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Cleaning Chores May Lead to Happier, Compassionate People
Print Article Contributed by BSM Staff

OAKLAND, CA – The more people clean, the happier they are; they may also be more compassionate, according to new research from Clorox that reveals that cleaning and clean spaces play an important role in developing empathy, compassion, and connection.

How does clean impact how we feel, act and engage with others? Clorox conducted research to validate the true impact of clean beyond getting rid of dirt and mess.

Findings from a nationwide survey and statistical modeling show that a person's level of empathy is positively associated with living in a clean home and even more so if they are responsible for some aspect of the cleaning.

Not only does a clean environment increase a person's empathy, but there is also a drastic increase in connections and willingness to help others in their communities, proving the simple act of cleaning has beneficial implications far beyond just making our homes less dirty.

For parents, it is probably not surprising to learn that the findings also indicate kids are more productive and better behaved in clean spaces.

  • 59 percent of parents say that their kids study better in a clean room, and
  • 49 percent of parents say that their kids behave better in a clean room.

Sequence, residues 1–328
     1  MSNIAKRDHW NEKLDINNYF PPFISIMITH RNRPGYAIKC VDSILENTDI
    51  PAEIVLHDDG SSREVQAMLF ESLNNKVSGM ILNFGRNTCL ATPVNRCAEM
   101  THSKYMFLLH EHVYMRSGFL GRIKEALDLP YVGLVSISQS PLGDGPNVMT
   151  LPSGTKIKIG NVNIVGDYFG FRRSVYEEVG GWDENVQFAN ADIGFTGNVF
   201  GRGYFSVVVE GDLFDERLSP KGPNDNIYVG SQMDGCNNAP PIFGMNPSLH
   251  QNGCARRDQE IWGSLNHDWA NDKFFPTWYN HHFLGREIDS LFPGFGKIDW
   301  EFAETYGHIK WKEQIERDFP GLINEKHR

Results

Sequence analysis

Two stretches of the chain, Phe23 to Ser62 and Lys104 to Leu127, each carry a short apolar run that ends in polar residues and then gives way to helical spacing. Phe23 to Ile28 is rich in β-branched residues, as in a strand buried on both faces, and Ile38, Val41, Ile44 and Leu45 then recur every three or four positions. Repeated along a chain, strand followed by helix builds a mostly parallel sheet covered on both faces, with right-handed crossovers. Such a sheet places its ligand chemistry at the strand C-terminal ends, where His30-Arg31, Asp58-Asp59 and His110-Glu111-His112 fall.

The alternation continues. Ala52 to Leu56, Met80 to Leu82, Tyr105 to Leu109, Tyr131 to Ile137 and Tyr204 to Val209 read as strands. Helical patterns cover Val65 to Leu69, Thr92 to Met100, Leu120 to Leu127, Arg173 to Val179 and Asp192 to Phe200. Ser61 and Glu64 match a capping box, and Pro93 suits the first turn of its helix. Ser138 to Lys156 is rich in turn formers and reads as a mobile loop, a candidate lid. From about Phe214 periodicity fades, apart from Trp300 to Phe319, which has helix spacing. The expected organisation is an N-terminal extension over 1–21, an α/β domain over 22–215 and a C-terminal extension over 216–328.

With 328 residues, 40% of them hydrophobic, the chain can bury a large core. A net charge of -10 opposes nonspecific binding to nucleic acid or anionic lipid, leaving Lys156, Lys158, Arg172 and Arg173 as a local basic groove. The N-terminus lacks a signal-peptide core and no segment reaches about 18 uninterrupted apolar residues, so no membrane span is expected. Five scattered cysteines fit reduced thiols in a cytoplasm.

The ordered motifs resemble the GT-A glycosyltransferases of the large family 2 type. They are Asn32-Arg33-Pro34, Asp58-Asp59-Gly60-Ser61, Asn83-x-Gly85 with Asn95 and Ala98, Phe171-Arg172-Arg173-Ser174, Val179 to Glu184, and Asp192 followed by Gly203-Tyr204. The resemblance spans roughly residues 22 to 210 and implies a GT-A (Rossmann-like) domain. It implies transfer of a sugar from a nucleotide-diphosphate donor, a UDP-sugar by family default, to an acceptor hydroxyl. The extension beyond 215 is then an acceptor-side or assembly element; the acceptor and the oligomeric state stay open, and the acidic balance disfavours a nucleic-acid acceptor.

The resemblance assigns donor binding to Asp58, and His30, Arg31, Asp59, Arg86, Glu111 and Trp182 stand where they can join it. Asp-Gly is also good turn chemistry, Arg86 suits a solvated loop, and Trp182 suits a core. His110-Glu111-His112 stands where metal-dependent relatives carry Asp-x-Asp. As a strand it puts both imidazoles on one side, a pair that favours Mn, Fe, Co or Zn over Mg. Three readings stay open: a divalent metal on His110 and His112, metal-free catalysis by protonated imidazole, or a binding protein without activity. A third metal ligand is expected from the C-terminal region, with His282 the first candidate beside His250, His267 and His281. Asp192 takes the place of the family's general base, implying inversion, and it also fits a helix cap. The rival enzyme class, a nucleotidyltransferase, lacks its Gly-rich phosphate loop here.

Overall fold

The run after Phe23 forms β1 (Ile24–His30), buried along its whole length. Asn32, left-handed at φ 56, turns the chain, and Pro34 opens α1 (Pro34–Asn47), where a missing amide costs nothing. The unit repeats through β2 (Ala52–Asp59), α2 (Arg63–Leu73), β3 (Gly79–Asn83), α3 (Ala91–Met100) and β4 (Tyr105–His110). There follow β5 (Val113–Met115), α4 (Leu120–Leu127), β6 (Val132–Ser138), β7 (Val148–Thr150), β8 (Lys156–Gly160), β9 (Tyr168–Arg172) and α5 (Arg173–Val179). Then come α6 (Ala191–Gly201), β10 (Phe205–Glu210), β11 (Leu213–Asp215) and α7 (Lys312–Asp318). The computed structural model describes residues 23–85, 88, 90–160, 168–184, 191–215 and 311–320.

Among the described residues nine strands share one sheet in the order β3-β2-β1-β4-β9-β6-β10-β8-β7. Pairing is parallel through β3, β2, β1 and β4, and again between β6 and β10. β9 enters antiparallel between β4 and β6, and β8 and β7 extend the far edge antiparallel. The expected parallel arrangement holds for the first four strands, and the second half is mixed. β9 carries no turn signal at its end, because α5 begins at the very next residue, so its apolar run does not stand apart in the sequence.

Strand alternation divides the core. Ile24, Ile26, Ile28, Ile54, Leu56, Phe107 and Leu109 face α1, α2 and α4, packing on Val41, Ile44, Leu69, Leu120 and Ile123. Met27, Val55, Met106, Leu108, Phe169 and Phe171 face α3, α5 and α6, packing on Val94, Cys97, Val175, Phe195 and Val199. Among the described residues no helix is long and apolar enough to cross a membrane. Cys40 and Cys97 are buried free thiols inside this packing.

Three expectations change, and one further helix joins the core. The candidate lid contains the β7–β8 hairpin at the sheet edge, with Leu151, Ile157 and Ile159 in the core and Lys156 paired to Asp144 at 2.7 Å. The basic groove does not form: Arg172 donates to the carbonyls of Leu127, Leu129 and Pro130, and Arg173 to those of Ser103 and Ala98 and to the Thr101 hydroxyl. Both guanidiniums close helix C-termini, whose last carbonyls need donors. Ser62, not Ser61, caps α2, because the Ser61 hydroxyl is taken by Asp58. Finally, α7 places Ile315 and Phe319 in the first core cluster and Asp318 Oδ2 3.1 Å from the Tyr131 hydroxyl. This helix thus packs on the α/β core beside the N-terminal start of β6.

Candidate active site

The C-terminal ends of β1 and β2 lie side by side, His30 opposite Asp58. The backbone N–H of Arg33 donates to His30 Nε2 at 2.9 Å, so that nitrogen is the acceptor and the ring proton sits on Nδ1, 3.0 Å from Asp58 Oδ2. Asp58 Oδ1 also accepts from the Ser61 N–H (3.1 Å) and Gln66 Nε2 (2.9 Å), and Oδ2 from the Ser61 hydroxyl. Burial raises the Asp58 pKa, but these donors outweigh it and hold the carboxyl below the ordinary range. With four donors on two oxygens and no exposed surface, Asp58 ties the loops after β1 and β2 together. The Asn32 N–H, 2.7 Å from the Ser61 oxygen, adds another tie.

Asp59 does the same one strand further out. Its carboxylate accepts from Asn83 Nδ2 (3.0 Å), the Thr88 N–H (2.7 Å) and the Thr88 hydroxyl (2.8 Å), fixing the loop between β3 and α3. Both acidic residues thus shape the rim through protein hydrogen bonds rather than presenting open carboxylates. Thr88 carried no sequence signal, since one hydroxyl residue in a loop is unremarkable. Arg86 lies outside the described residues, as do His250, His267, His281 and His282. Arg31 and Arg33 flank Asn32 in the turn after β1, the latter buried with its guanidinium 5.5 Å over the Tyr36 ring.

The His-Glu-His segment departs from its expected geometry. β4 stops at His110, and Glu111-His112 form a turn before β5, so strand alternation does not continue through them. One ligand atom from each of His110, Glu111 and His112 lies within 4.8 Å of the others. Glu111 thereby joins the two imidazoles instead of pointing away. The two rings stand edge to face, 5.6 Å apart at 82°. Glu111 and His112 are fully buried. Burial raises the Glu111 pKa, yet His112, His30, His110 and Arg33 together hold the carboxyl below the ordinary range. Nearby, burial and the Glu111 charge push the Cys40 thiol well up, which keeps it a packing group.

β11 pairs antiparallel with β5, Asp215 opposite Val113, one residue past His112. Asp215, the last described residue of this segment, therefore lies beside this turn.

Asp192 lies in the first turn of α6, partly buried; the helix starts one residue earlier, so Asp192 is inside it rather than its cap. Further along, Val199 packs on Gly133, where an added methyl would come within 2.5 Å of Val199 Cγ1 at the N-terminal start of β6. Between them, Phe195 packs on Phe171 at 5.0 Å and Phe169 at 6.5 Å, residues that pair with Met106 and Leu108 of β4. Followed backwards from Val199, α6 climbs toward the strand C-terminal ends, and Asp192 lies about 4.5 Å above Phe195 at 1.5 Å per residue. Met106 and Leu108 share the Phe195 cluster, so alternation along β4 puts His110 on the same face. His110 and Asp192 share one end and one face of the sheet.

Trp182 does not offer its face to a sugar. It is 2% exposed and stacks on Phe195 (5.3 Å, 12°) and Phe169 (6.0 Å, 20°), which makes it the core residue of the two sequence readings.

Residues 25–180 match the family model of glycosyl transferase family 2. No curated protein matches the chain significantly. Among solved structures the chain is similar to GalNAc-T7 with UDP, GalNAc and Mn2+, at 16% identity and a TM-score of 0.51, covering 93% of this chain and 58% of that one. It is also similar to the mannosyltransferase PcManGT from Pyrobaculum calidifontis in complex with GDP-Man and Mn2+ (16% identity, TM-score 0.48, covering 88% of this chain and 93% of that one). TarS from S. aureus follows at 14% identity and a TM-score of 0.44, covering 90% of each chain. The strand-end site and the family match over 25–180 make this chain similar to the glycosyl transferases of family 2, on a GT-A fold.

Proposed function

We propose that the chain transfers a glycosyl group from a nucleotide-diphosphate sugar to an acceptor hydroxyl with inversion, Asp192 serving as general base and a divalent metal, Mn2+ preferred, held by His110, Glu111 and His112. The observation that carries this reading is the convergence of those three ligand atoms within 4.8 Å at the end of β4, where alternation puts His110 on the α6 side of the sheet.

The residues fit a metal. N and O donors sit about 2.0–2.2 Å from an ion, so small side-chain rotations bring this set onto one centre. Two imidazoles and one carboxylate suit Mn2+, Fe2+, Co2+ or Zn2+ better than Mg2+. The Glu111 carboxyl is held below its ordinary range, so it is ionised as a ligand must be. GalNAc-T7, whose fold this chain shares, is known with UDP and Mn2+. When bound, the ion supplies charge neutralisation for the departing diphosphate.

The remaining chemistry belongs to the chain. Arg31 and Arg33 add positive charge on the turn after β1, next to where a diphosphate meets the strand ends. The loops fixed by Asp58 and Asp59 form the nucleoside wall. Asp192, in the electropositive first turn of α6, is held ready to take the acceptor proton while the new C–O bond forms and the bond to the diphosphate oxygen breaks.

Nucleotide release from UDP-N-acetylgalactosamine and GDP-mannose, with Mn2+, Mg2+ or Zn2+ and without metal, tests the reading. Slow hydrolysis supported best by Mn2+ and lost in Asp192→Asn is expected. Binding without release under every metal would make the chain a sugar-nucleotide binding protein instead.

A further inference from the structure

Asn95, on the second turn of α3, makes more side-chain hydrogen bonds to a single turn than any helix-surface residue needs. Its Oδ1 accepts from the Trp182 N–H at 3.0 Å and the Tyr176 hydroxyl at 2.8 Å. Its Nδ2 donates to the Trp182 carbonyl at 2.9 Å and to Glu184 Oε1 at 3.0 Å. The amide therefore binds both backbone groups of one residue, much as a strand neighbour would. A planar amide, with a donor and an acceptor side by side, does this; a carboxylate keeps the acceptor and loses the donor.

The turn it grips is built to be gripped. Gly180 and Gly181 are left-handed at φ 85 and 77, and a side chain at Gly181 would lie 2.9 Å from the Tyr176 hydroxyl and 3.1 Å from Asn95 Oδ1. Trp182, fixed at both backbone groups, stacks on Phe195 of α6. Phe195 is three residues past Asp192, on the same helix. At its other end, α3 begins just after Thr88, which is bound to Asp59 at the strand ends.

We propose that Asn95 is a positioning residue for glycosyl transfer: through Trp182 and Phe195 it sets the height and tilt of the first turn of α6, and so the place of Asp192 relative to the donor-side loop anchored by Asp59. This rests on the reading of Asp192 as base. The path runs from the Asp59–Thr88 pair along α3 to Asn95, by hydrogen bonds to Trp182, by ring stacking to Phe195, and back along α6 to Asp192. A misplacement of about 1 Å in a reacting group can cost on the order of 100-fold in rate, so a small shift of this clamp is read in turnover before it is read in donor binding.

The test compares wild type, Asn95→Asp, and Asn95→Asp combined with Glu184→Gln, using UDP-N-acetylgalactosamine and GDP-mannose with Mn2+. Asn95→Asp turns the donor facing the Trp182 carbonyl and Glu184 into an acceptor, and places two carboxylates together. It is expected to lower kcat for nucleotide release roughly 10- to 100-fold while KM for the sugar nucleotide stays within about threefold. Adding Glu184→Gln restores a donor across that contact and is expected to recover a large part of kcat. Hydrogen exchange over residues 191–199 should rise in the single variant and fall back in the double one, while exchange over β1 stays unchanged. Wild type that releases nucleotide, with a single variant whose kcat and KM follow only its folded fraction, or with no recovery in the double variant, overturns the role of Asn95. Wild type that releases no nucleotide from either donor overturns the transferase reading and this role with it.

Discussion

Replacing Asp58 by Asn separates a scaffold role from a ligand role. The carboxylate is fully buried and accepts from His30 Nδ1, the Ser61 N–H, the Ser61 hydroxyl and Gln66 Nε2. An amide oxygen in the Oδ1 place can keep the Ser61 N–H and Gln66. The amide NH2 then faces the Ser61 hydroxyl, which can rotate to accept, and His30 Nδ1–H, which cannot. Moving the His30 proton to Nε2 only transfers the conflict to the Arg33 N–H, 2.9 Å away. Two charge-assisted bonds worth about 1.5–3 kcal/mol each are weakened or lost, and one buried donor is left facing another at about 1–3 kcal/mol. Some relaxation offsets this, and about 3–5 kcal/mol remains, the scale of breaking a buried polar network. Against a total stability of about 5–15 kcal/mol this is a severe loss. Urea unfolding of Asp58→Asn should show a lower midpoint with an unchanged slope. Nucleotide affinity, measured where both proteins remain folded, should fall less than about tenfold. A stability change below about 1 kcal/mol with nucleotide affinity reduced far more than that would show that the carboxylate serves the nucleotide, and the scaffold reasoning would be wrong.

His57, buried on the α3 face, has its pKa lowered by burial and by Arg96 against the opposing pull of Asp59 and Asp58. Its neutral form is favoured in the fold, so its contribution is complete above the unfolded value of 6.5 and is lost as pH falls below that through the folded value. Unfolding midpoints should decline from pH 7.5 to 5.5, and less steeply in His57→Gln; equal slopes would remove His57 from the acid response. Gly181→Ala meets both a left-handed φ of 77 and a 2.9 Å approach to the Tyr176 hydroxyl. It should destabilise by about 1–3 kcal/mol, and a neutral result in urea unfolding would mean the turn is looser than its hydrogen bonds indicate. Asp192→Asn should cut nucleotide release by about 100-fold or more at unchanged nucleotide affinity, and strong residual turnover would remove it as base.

Giving children a clean environment that allows them to thrive at school is critical, but clean impacts children far beyond their early years. Engaging kids in cleaning chores teaches them critical life skills.
When a person had cleaning chores as a kid, the likelihood that they will exhibit higher empathy as adults increases by 64 percent, and the likelihood that they will have higher levels of willingness to help others in the community as adults increases by 60 percent.

"There's nothing more important to me as a dad than making sure my kids grow up to be kind and resilient adults and I think that's something that connects all parents," said Sterling K. Brown, award-winning actor, father of two children and campaign spokesman. "It's amazing that something as simple as cleaning can be such an essential tool in teaching my kids life lessons, like the importance of caring for others and being connected to the community around them." 

Measuring the Impact of Clean on Emotions
Beyond connecting us to the people and communities around us, the research findings show that simply being in a clean space impacts us in other key ways. In a clean space, the majority of people are:

  • More relaxed (80 percent),
  • Less stressed (60 percent), and
  • More productive (72 percent).

The research findings may also make you want to volunteer for more cleaning chores around the house. The more people clean, the happier they are. The likelihood someone is happier than average increases by 53 percent for every additional hour that they clean in a week.

To further understand the survey findings, Clorox used the latest biometric technology and analysis to measure the impact of clean and dirty rooms on physiological responses, and how that translates to our emotions. The results indicated that clean spaces have a marked impact on our emotions. Specifically, in clean spaces there is a measurable increase in happiness and productivity indicators, as well as a decrease in stress indicators.

 

 

 

 

 


 

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